7. avatar Prndll says:

    There is no best. They each have their positives and negatives. It’s all circumstantial if not more about personal preference.

    Ya don’t give a 125lb inner city female a .50BMG anything.

    .22LR is not adequate for hunting Black Bear.

    A higher round capacity might be needed for some situations but useless in others.

    If your going for an inside the pants holster of some type, an AR pistol will not conceal well.

    1. avatar FGB says:

      Has anyone ever seen an inner city female under 125 lbs. ??

      1. avatar Geoff "Guns. LOTS of guns..." PR says:

        Well, crack hos rarely eat…

        1. avatar Thixotropic says:

          An experienced observation, no doubt.

          And .45 acp HURTS a lot more than 9×19 ANYTHING. Pain stops fights.

          Also an experienced observation.

        2. avatar Skippy says:

          Most of what I’ve seen are 250# +.

      2. avatar 2AForever says:

        My wife is 125 lbs and has shot the 50AE Desert Eagle. Of course we dont live in the inner or anything city. Not sure I would let her carry it though, she can barely pick it up and she cannot charge it.

      3. avatar Roland Humphrey says:

        That’s funny 125#er in the inner city, maybe a 3 yr. old

  8. avatar S.Crock says:

    The best handgun calibers for home defense or concealed carry are: 9mm 115 grain, 9mm 124 grain, and 9mm 147 grain.

    1. avatar Dennis L says:

      Amen to that. Or are you being sarcastic?

    2. avatar 5.7 is the future says:

      Nope. 5.7 is the future. 5.7 is smaller, faster, lighter, shinyer, newer, and more powerful then any 9mm load. New is always better. 5.7 is everything 9mm wishes is could be. 5.7 is the 6.5 creedmoor of pistol rounds. Place 5.7 and and 9mm next to eachother, which round is taller? That’s right. 5.7 is will soon leave all handgun calibers in the dustbin of history. Might as well get one now because in a couple of years, the ONLY handgun ammo you’ll be able to find on shelves due to its overpowering popularity with young shooters will be 5.7.

      1. avatar Ben says:

        With guns STARTING at over $700.00 and ammo at around $1.00 per round, I’ll take the old school route. 9mm for me all day long. Thank you.

        1. avatar Perry says:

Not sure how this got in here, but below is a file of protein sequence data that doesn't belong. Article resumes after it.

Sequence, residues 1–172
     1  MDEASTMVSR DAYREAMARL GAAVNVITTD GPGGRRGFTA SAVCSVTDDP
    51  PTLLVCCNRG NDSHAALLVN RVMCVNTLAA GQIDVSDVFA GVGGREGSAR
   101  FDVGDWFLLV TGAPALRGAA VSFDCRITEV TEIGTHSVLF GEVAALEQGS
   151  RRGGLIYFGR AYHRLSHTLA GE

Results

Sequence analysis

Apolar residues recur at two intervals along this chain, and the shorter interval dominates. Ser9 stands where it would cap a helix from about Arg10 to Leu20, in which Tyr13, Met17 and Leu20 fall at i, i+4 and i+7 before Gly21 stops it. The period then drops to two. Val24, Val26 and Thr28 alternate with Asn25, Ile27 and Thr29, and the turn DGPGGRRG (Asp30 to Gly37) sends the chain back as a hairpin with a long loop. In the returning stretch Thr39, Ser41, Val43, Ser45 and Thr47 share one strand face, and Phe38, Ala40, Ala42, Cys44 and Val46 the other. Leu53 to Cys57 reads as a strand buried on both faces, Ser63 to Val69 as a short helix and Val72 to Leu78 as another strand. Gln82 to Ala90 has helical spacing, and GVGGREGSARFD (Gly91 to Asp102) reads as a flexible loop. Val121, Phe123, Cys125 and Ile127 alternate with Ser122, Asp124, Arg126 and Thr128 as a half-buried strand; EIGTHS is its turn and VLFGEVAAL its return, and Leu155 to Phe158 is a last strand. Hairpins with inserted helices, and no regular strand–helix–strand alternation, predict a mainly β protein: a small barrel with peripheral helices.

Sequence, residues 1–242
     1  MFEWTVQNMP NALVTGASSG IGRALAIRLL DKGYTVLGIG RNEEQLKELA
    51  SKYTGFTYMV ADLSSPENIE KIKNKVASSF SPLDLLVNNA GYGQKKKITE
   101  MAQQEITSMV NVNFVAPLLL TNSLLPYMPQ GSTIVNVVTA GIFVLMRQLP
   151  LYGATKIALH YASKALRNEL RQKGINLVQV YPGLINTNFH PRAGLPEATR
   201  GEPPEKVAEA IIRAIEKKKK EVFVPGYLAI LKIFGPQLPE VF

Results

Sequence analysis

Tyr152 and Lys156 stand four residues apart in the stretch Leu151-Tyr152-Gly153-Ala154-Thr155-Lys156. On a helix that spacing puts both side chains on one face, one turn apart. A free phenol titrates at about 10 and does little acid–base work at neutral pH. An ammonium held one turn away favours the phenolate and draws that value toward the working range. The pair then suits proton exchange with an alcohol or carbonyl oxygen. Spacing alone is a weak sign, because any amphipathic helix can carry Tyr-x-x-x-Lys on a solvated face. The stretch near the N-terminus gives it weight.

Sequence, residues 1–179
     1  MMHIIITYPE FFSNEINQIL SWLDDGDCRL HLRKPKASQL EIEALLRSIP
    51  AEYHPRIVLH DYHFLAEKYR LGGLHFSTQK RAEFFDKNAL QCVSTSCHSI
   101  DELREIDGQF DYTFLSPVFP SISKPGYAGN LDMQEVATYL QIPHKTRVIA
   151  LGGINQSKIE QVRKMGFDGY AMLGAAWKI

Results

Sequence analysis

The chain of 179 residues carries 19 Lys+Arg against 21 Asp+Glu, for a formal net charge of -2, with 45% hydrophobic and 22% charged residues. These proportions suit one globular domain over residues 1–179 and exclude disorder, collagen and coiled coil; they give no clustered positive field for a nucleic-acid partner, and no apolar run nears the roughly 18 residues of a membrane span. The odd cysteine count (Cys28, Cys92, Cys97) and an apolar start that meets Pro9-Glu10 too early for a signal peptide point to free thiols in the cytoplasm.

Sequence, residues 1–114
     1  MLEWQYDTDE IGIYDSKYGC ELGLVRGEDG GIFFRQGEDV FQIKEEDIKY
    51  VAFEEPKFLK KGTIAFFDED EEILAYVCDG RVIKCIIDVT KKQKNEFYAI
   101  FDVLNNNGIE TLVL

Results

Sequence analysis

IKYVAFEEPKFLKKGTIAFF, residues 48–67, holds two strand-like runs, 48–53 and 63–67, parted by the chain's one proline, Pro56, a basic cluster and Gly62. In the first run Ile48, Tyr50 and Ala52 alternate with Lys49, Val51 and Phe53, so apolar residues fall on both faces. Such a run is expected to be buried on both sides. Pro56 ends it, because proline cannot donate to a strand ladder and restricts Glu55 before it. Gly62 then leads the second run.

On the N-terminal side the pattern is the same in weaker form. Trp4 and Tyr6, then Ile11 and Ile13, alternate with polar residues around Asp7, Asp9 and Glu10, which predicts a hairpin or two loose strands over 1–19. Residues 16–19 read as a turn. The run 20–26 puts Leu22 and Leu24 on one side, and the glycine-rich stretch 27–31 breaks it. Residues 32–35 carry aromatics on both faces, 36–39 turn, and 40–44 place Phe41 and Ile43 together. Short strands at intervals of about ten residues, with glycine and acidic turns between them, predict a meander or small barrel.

Dood. Buy a reloading press if you shoot a lot. $250. Today, I cranked out 150 rounds of 9mm 147 Fed HST equivalent. That’s $120 on the open market.

      2. avatar Perry says:

        You get 1-up for the 6.5 Creeeeeeedmore pistol reference. Well Done. And yeah, 5.7 is reeeely close to 5.56.

      3. avatar The Rookie says:

        Personally, I’ll .22 TCM over 5.7.

        1. avatar CC Ryder says:

          I’ll second that

      4. avatar Cuteandfuzzybunnies says:

        5.7 doesn’t penetrate enough to be effective.

        9mm , 357 mag and 10mm are the way to go.

        Honestly my 10mm isn’t that bad recoil wise. But it’s a Glock 40 A BIG ass gun with a big ass spring.

        1. avatar MaddMaxx says:

          My G29 kicks like the proverbial mule, but the first semi auto handgun I EVER fired was a Colt 1911 45 in the Marine Corps at 18, it was also the first time I ever shot any handgun bigger than a 22…. It took me a week to start obliterating the bull at 30 yards. the G29 took a couple of days and the addition of the longer G20 mag with an extended floor plate and a grip extension for more stability and I can hit a silhouette target in the chest 16 out of 16 with 185 grain HP or FMJ at 50 yards, any one of which would be fatal (not bad for a 4″ barrel, 220 grain hard cast lead (swapped in a Wolf barrel) gets a little crazy after the 5th or 6th round at that distance but extremely efficient inside 30 feet which is why I carry that round…. True believer in why go big if you can go bigger… I added the guide rod laser and it hits where the laser points within half an inch at 30 feet (inconsequential with a 10 MM lead round)

  9. avatar tdiinva says:

    Felt recoil impulse is a function of weight. I prefer to use energy output per ounce of pistol weight as an MOP. If you are shooting 45 Auto +p from a full size 1911 platform the recoil impulse is less than a G17 firing 9nm +p.

    Bigger holes are better than smaller holes and with today’s JHPs 45 Auto makes proportionately bigger holes than FMJ. However, 9mm is popular because most people are using light weight polymer framed pistols, cost, modern JHPs are good enough and capacity may be important.

    1. avatar Bruce says:

      “ Bigger holes are better than smaller holes and with today’s JHPs 45 Auto makes proportionately bigger holes than FMJ. However, 9mm is popular because most people are using light weight polymer framed pistols, cost, modern JHPs are good enough and capacity may be important.”

      Depends on what you are shooting. Definitely not the case with bears.

      1. avatar tdiinva says:

        The subject is self defense. If I am worried about big bears I am grabbing a shotgun and loading up with slugs.

    2. avatar Randy Jones says: